This week we read Mattot and Massei, the last two Torah portions of Bemidbar [Numbers]. Whenever I’ve had the privilege to teach on these portions, I’ve avoided Massei [which begins at Numbers 33:1] because it’s rather difficult to teach about Zelophechad, the cities of refuge, or the travelogue of the camps. It can be difficult to take these topics and find a life-changing principle to share. However, let’s read the first verse of Parsha Massei, which reads:
These are the stages of the Israelites, who had left Egypt in organized groups at the hand of Moses and Aaron.
This term, stages, can be a bit confusing, but the general consensus seems to be that the stages refer to the locations in which we encamped. However, the second and the third verse help us:
- The second verse says, “These are their stages at their goings forth,”
- Verse three says, “And they journeyed.”
If we allow the text to interpret it for us, we see the stages are not the encampments but are the journeys themselves. So, the age-old question is asked: “What is more important, the journey or the destination?” The question will be answered shortly.
We journey from Ramses, which is in Egypt, we travel to Etam, Pihahirot, Migdol, Penehahirot, through the Red Sea, and nine places later, we pitched in the Wilderness of Sinai. There are 42 stages or 42 journeys. The first stage is mentioned in Numbers 33:5 states, “And Bnei Israel journeyed from Ramses.” Numbers 33:15 says, “And [they] pitched in the wilderness of Sinai.” I mention these places because of the 42, these are by far the two most important locales. Ramses, which is in Egypt, marks our departure; we were freed from Egyptian slavery and we walked out with a high hand.
I will stop there for a short sidebar.
We were in Egypt — not for 400 years — but 210 years. If we listen to the words at the Covenant Between the Parts [Genesis 15:13], Hashem says, “Know for certain that your seed will be strangers in a land that is not their own and they will enslave them and oppress them, 400 years.” Our sages begin the countdown of 400 years with the birth of Yitzchak because the words of Hashem do not mention Egypt by name but rather to a “land not their own.” As soon as Abraham and Sarah had a son, his seed was subject to living in a land that was not their own — and this included Eretz Canaan, which wasn’t his at the time. If we consider Isaac was 60 years of age when Jacob was born and Jacob was 130 when he went down into Egypt, this means 190 of the 400 years elapsed before the Egyptian sojourn began.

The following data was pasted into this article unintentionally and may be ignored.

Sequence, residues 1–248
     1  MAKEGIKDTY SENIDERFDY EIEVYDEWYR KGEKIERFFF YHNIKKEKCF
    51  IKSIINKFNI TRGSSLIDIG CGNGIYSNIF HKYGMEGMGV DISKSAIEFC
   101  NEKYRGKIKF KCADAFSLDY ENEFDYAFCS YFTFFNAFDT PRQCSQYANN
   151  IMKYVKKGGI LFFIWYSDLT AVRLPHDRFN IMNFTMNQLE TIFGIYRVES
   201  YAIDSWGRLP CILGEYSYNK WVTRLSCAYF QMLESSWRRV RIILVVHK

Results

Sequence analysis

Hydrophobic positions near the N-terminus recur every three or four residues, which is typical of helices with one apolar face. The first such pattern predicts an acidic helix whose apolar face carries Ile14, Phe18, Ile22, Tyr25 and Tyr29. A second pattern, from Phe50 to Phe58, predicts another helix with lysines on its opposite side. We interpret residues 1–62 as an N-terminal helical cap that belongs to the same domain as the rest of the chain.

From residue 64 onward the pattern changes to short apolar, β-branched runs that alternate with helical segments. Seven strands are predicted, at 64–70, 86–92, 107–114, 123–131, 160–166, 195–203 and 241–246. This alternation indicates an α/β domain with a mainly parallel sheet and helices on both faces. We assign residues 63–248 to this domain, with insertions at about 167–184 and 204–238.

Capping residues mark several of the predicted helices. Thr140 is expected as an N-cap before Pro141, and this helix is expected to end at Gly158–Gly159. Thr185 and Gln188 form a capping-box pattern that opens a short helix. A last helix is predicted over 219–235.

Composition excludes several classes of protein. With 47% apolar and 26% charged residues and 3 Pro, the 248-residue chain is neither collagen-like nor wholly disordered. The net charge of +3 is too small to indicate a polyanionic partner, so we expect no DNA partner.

Enough of the sidebar….
The first of the two important locales was Egypt and the second is Har Sinai, yet the text treats them the same way:
- “The Children of Israel journeyed from Ramses,” and
- “They journeyed from the Wilderness of Sinai.”
We journeyed from these two locations, but our reaction is ironic:
- When we left Egypt, we were supposed to leave Egypt… behind.
- When we left Sinai, we were supposed to leave Sinai… yet take it with us.
However, the Torah accounts numerous times how we grumbled and complained about leaving Egypt, but not once are we accredited for desiring to return to Sinai. Isn’t it ironic? We desired what was harmful and shunned that which provides life. This is very common; most of us hang onto or are hindered by habits or desires that threaten to end our lived prematurely if not brought into submission, and our desire for the leeks of Egypt is a manifestation of this human tendency.
At the command of Hashem, Moshe lists all the stages of our journey, not as a way to remind us of our failings, but to show our growth during our early years as a nation. Much like a parent who recounts the events that led to a child from a deathly illness to recovery, Hashem recounts our illnesses, failings, and our successes so we can witness how were healed.
Our failures are not disasters in the eyes of Hashem because he sees our faults and our sins as opportunities to mold us. For example, if you pray for patience [and Heaven knows almost everyone has made this request], you will be provided ample opportunity to exercise that muscle and like a body builder, that muscle will be worked until it fails. Yet, with each failure, you gain a moment of rest and healing, and your patience is tried again until a point of failure occurs. However, if you pay attention, you see your ability to hold your temper lengthens, until those around you take note and are amazed at your longsuffering. Without your long journey of perceived failure, you never would enjoy the destination.
The question again is asked: “What is more important, the journey or the destination?” The answer is both. Not unlike our ancestors in the Wilderness, Hashem is using our journey to mold us and to perfect us into a workmanship worthy of Hashem’s glory. If we take the holiness of our rest with us on our journey, it will transform the journey, and that will lead us to the rest that will bring Moshiach. We are not without fault, but we are being perfected — our hearts are being made whole — or in other words, we are being made whole-hearted.
 There are several 42s in Tanach, and each one represents a blessing for Israel and each threatens to be its own drash, but I would like to stick to two particular stages in our group because I find them so ironic.
 According to Rashi’s commentary, the 430 years mentioned in Exodus 12:40 also includes the 30 years between the Covenant of the Parts and Isaac’s birth.
 I do not necessarily include our rebellious activities in this.
 When Hashem says, “Be holy because Hashem your G-d is holy,” He is not giving the impossible commandment. Instead, he is telling is to be whole-hearted. A similar thing in mentioned in Revelation, where the admonition to Laodicea includes the phrase, “Either be hot or cold,” points back to the idea of being whole-hearted in our actions.